Still, there is an extraordinary paradox here. Because of the large sums that flow from the country’s religious establishment and huge NGOs to institutions that promote Wahhabi-style Islam — with its malignant views of Shiites, Jews, Christians, and the West — Saudi Arabia remains the fountainhead for Islamist extremism. These funds, together with curricular materials, preachers, television broadcasters, religious literature, and the like stoke radicalism in scores of countries, even if they are typically not directly implicated in violent acts. At the same time, Saudi intelligence services are active around the world trying to prevent the terrorism that grows from this activity.
Crazy? Absolutely, but it is an insanity borne of the kingdom’s original political compact between Muhammad ibn Saud, progenitor of the House of Saud, and Muhammad ibn Abd al-Wahhab, the original Wahhabi, a charismatic preacher — who joined forces to wrest control of the Arabian Peninsula in the mid-18th century. The royal family could rule Arabia so long as it promoted Wahhabism, and the monarchy has relied on Wahhabi clerics to validate its legitimacy as Custodian of the Two Holy Mosques ever since. Whenever the monarchy has faced challenges to its rule, it has pumped even more money to the clerical establishment, some of which went abroad. Not surprisingly, the prospect of a democratic wave sweeping the region during the Arab Spring led to billions being disbursed.
So why hasn’t the United States pressed Riyadh more effectively to dial back the support for extremism that so clearly affects our security and global interests?
There are several reasons. To begin with, counterterrorism cooperation of the kind that Riyadh has supplied is hard to argue with. No president wants to risk alienating a government that is helping safeguard American lives. While some officials have pushed for engaging the Saudis on the export of extremism, many others are averse to starting a tough discussion that could go nowhere. The Saudis, after all, are unlikely to reconceive their polity on our account.
Further complicating matters has been what might be called the “Politburo syndrome.” As with the Soviet Union in the 1980s, the small handful of Saudi gerontocrats who are authorized to do anything — either the king or a few of the senior-most princes — are either dying or too intellectually ossified to persuade anyone to adopt a radically different approach.
So for all the advances after 9/11 and the kiss-and-make-up atmosphere of the moment, the prognosis for the U.S.-Saudi relationship is not encouraging. The two countries’ priorities are simply too far apart.
For the United States, the imperatives are to implement the nuclear deal with Iran and halt the rise of Islamist extremism — above all, contain and diminish the Islamic State without dispatching American combat troops to the region. For the Saudis, the paramount goal is to check and roll back what they see as Iranian advances, especially in Yemen and Syria.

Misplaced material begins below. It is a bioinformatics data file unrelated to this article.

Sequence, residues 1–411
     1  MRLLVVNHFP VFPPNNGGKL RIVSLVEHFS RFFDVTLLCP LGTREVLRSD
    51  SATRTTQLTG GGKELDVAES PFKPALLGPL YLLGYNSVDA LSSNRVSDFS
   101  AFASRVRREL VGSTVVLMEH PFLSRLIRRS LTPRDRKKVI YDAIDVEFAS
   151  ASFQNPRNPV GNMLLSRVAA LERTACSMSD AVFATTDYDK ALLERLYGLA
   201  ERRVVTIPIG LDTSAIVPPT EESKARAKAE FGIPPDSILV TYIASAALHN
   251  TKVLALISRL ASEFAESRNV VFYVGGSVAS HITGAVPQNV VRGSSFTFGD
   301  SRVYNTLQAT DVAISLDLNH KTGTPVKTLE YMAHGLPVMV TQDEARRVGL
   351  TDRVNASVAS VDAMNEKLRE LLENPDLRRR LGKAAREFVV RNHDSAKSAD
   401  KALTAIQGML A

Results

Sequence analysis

In Yemen, the Saudi campaign against the Houthi insurgents has become the signature initiative for Riyadh’s new and emboldened foreign policy. The United States has voiced hedged support for the Saudi effort — primarily an effort at alliance maintenance, which was a necessity against the backdrop of the nuclear negotiations.
But behind the scenes, Washington has gnawing concerns about the Saudi war effort. The bombing runs are killing civilians in appalling numbers, and a country that hovers on desperation has been plunged into a humanitarian disaster. The United States is trying to refine Saudi targeting, but the carnage remains ghastly, and the Saudi claim that the Houthis are nothing more than an Iranian proxy has also worn thin.
This isn’t just bad for the Yemenis. It’s also bad for the United States because terrorist groups thrive in conflict zones and Yemen’s jihadis — especially al Qaeda — are gaining territory and influence, since they face no pressure except from the occasional U.S. drone shot.
Meanwhile in Syria, the Saudis are not supporting the Islamic State, but they would be quite happy to see other Islamists topple Bashar al-Assad and make Damascus again a Sunni capital. Plenty of money is now flowing from the Persian Gulf to al-Nusra Front, the al Qaeda affiliate in Syria. Again, extremists are benefiting from the chaos.
As for the U.S.-led coalition fighting against the Islamic State, the Saudi contribution has been minimal. It hasn’t flown a mission in Iraq yet, according to the accounting on the Pentagon’s website. Exactly why is not clear: Perhaps the Saudis can’t ask for permission from the Shiite-dominated Iraqi government because they don’t have an embassy in Baghdad, or perhaps they just can’t bring themselves to support the Baghdad government. In Syria, it has flown a scant few of the 119 airstrikes not carried out by the United States. In short, Riyadh believes that the extremist problem can be cleaned up later — after it wins the wars in Yemen and Syria and puts Iran back in its place.
Can any of this be fixed? Will our partners of seven decades, as U.S. officials like to refer to the Saudis, join in the fight against extremism and not just its terrorist end-product? Don’t count on it: Saudi Arabia has avoided taking such steps for decades, and there is no reason to think the kingdom can’t stay on its current course for decades more.
As for the United States, it will remain saddled with tactical imperatives that prevent it from addressing the bigger mess. And so Washington will muddle forward against the jihadi threat.
Photo credit: SAUL LOEB/AFP/Getty Images